Take, for example, Truss’s enthusiasm for “moving fast and breaking things”. Not so long ago, a politician who boasted of being the “disruptor in chief” — who told a journalist that “I embrace the chaos. I’m a thrill-seeker” — might have been thought an unlikely candidate for a “Conservative” party. Her contempt for “orthodoxy” might have puzzled a party that prized tradition, while her conviction that sheer willpower could bulldoze all difficulties would have sat uneasily with a Burkean sense of human fallibility, girding its suspicion of grand visions for change.
Yet these were exactly the attributes that had enthused Truss’s supporters. For her cheerleaders in the media, the case for Truss was precisely that “she gets the need for radical change“; that she was an enthusiast for “elbowing to one side the Treasury’s fiscal conservatism“; that she persistently “knocked aside her critics” and was “ready to take on all opponents”. For the Daily Mail, it was Truss’s “boosterism” that “puts her in the driving seat”. Ignoring civil servants, economists and forecasters came naturally to a party that, in Michael Gove’s famous words, had decided years earlier that “people in this country have had enough of experts”. Why consult the Office for Budget Responsibility, when it had been dismissed by Conservative columnists as “a waste of money” and a “vehicle for establishment groupthink”?
A party that had spent years urging its supporters to “believe in Brexit”; that decried warning voices as “doomsters” and “gloomsters”, guilty of “talking down Britain”; and that blamed setbacks on “saboteurs” and “enemies of the people”, could not have been surprised at a leader who embraced boosterish economics, ignored warning voices and blamed setbacks on a mythical “anti-growth coalition”. Having burned out Remainers and moderates under Johnson, the party could hardly complain when Sunak supporters were informed that “their careers are over. If you’re on the stage you’re in a grave”.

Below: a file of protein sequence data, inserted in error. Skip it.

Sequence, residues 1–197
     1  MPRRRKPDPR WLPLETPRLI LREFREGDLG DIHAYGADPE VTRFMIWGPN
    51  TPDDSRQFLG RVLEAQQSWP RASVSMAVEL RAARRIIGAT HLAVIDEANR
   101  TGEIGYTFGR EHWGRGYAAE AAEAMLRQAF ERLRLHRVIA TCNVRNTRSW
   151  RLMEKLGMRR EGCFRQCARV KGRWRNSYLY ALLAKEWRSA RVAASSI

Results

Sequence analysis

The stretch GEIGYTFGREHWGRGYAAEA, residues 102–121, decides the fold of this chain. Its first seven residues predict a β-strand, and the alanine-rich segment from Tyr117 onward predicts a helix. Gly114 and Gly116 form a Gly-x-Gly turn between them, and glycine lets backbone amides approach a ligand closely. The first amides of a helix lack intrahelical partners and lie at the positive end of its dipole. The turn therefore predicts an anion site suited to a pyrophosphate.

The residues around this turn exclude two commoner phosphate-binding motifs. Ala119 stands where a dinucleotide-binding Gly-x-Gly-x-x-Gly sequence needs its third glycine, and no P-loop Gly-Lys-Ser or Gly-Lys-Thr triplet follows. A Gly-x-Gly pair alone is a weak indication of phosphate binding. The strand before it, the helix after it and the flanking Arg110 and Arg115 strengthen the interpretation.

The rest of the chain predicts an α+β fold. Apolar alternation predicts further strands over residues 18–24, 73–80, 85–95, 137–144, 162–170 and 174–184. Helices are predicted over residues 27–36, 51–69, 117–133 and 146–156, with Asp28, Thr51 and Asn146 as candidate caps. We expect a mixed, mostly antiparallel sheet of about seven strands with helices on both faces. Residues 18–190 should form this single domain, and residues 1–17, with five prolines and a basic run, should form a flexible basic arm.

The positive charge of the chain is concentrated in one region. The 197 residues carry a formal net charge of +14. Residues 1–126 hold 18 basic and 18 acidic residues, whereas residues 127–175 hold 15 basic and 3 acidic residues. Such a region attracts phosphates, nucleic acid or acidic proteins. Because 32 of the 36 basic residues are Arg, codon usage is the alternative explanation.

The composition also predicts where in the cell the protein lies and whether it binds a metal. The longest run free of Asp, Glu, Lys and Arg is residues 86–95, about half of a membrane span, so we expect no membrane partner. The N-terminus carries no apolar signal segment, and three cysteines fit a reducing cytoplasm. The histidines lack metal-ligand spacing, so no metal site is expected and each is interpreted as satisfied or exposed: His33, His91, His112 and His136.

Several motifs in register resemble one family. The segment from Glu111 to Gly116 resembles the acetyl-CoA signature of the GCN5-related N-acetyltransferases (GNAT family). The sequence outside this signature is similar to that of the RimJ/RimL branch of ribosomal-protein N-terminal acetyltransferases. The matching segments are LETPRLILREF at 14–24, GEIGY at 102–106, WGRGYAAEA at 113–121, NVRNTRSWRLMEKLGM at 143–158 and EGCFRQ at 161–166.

The danger for the Conservative Party is that it turns to one of two comforting myths to explain the Truss debacle. One loads the blame entirely onto Truss, insisting that “the notes were right. It’s just that they were in the wrong order”. The same think-tanks who had hailed Truss’s rise to power now likened her to a “hubristic, or crazy, or incompetent” chef, who had bungled their “perfect and delicious” “recipe“. A second myth blames a “Remainer coup”, driven by the “anti-growth coalition” and “the Remainer elite”; a “very British coup” propelled by a “pushback against democracy”.
The reality is more prosaic. Truss was the product, not the source, of her party’s problems. She embodied a Conservatism that embraced creative destruction, that was dismissive of caution and contemptuous of institutions, that prized ideology over experience and regarded opposing voices as heresies to be burned out; a Conservatism that had ceded power to irresponsible think-tanks, contrarian newspaper columnists and a dwindling party membership that nobody has elected. Truss’s crime was to carry that Molotov Cocktail into government, holding it aloft like a torch; but it was others who mixed the ingredients and lit the fuse. The paradox is that this combustible mix was so often described as “real” or “true” Conservatism; yet that aspiration may offer the beginnings of a road to recovery.
If the Conservative Party is to rebuild itself, it might find inspiration in its own best traditions. It might recognise that institutions are fragile and easily damaged: that the problem with “moving fast and breaking things” is that things of value get broken. It might revive its sense of human fallibility, requiring grand ideological visions to be tested carefully against evidence and experience. It might recognise, as Margaret Thatcher did, that caution is not the enemy of change, but a crucial component of its success.
That will require it to reconsider its taste for disruption, and to wean itself off the influence of what Truss herself famously called “vested interests dressed up as think-tanks”. Like the Labour Party, it may also need to rethink the case for treating the choice of prime minister as a subscriber benefit for its dwindling pool of members. Temperamentally, Sunak seems less inclined to play the “disruptor”; whether he can defy the forces in his party that crave such a role remains to be seen.
In her final speech as Prime Minister, Truss offered a mangled quotation from the Roman philosopher Seneca: “It is not because things are difficult that we do not dare. It is because we do not dare that they are difficult”. It was a bizarre choice for a politician who had just crashed the public finances and destroyed her own premiership, as a result — in her own words — of going “too far and too fast“. If the Conservative Party is to take Seneca as its inspiration, it might be wiser to look to his reflections on Epicurus, who remarked that “A consciousness of wrongdoing is the first step to salvation”. This, Seneca concluded, was a “very good” maxim. “For a person who is not aware that he is doing anything wrong has no desire to be put right. You have to catch yourself doing it before you can reform”.